• Some community colleges have exchange programs, offering students international experiences 
  • Because so many adults go back to school, the range of ages and life experiences in a classroom is very enriching and diverse


I started in community college the fall after I graduated from high school. I knew after graduating that my grades were not competitive enough for a 4-year college, and that I would likely do terrible on the GRE exams. My high school education was also not the best. I didn’t learn algebra as well I should have, and I was often bullied and had low self-esteem, which fed into doing poorly in my high school classes. I would often skip high school to go to the movies with my friend, or went riding my horse by myself (both were likely bad ideas). So attending my local community college was the best option for me. In addition, I also did not know what I wanted to do for a career. I thought that perhaps I wanted to be an artist (graphic art and design), or go into the medical field (even though medical stuff grosses me out), or even be a machinist like my dad (which would have been a really fun career, to be honest).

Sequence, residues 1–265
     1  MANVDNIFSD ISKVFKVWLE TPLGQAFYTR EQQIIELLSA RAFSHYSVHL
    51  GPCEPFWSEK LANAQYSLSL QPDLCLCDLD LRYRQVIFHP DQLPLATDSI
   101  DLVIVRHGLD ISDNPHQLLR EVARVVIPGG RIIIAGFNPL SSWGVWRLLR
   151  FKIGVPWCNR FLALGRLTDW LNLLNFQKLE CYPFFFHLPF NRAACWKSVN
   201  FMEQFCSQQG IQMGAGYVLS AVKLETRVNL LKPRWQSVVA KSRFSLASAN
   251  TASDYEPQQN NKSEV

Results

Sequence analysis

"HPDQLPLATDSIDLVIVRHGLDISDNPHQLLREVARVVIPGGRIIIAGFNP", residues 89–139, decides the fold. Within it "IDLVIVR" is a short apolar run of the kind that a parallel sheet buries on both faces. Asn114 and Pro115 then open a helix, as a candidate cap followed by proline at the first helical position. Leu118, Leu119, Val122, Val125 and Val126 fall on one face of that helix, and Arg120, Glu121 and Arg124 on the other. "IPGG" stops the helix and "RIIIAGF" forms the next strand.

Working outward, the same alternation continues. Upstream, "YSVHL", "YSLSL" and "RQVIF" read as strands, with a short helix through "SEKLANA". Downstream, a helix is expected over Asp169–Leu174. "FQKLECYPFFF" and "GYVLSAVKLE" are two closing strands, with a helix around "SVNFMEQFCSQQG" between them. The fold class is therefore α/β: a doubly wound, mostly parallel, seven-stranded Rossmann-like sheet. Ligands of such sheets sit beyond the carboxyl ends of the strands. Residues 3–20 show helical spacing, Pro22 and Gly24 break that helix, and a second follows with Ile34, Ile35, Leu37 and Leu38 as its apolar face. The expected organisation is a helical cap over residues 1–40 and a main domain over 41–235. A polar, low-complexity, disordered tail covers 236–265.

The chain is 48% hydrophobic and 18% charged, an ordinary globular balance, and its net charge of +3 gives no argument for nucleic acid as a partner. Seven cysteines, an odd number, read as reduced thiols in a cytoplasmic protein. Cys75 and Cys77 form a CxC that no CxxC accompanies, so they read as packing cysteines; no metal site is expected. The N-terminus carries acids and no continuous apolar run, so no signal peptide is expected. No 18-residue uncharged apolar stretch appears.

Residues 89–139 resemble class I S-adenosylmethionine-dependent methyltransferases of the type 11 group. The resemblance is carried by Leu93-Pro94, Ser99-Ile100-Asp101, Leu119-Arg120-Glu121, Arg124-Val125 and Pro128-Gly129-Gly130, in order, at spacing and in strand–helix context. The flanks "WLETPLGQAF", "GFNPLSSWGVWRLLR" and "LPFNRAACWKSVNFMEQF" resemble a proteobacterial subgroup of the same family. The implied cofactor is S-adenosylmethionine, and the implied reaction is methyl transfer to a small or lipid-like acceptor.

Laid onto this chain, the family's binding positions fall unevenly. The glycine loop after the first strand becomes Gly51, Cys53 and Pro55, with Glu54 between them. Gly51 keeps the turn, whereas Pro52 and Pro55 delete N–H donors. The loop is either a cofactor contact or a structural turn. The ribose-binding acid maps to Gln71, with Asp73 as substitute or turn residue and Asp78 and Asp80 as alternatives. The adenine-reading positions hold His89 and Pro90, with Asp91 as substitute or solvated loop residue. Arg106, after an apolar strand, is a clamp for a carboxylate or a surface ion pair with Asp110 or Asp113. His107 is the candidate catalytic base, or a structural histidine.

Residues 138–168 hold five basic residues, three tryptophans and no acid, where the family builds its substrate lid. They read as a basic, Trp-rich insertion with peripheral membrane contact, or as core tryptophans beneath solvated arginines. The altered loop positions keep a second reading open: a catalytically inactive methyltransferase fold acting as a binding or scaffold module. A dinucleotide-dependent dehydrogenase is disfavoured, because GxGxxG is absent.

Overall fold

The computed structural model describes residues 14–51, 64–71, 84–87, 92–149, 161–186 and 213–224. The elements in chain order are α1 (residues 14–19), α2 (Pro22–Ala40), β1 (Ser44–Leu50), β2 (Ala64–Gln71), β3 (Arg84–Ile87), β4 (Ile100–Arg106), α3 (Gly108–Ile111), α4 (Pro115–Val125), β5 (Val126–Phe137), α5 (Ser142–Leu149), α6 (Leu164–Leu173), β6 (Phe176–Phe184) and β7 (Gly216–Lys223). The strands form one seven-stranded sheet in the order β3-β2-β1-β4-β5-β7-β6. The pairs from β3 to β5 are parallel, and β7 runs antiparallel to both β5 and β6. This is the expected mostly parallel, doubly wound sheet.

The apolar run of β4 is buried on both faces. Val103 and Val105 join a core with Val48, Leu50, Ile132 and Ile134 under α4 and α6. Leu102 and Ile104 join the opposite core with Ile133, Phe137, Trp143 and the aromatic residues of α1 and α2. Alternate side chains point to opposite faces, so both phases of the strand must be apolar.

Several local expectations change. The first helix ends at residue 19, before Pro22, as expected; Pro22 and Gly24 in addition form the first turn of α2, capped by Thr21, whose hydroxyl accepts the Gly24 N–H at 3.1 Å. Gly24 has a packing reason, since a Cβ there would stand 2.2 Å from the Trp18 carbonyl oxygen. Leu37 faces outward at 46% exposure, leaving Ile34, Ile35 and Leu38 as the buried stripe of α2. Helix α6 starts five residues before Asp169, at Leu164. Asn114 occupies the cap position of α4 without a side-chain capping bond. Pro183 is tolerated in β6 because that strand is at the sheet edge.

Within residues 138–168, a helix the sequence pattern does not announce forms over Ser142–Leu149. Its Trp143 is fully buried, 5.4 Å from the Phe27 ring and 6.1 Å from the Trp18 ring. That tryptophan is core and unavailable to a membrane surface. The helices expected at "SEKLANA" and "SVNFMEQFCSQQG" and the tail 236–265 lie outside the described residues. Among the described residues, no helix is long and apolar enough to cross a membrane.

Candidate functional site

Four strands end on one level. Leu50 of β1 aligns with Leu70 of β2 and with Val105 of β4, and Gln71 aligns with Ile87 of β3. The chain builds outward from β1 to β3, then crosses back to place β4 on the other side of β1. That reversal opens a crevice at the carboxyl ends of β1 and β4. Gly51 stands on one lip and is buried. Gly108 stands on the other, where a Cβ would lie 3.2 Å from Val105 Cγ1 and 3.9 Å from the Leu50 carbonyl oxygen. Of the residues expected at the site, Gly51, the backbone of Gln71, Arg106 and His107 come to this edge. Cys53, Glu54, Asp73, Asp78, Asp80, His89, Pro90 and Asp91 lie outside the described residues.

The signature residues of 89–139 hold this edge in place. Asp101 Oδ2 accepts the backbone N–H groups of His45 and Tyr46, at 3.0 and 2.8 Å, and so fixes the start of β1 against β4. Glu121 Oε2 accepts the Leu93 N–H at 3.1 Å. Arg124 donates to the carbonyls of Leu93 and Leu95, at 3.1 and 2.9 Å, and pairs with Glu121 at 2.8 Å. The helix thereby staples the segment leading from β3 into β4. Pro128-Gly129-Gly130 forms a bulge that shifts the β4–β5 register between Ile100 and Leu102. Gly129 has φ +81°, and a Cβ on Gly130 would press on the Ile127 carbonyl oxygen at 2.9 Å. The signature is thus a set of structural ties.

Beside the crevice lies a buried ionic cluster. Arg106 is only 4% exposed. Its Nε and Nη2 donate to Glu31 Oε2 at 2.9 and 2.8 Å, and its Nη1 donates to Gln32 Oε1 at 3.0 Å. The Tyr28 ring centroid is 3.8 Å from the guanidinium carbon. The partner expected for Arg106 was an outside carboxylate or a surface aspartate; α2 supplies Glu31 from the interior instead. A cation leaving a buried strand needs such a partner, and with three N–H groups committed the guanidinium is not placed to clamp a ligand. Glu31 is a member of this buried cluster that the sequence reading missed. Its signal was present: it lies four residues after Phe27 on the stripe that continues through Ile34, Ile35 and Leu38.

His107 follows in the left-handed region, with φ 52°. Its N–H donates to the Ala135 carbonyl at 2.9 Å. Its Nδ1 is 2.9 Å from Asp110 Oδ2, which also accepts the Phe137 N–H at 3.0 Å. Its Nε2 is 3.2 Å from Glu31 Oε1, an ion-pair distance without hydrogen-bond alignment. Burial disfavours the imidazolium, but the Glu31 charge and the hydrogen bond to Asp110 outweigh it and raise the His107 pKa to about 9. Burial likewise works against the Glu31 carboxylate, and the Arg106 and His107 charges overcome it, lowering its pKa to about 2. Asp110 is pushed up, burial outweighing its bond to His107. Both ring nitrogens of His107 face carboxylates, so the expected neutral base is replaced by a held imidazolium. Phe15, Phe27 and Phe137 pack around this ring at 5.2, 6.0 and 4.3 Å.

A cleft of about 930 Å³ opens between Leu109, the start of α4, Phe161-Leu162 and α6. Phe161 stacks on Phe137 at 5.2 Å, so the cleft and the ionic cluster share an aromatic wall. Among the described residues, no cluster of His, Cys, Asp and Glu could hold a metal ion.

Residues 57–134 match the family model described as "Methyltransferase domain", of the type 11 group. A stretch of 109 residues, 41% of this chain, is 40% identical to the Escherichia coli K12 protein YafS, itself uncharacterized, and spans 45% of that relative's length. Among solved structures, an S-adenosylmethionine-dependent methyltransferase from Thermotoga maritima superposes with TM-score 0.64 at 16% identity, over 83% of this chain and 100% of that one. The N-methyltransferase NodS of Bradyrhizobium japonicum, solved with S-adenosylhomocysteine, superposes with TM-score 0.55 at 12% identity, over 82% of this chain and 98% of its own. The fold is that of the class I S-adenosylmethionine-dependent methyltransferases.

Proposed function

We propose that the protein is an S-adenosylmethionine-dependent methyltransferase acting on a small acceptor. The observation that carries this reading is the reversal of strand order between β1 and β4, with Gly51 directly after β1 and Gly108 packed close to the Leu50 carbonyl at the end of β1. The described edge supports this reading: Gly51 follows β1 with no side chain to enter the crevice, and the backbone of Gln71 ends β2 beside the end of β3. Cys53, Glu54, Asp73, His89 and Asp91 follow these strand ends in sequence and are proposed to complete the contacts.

Around the time I graduated high school, my mom was going through a divorce and was raising my little sister. I got a job in a retail store, and helped my mom with my sister, getting her on and off the bus everyday, and I was also able to help pay bills and help with groceries. Attending community college was great because I was able to work, help out around my home, and still take courses. My local community college, called J Sargeant Reynolds in Richmond, Virginia, had very flexible class schedules which worked great with my work and home schedule.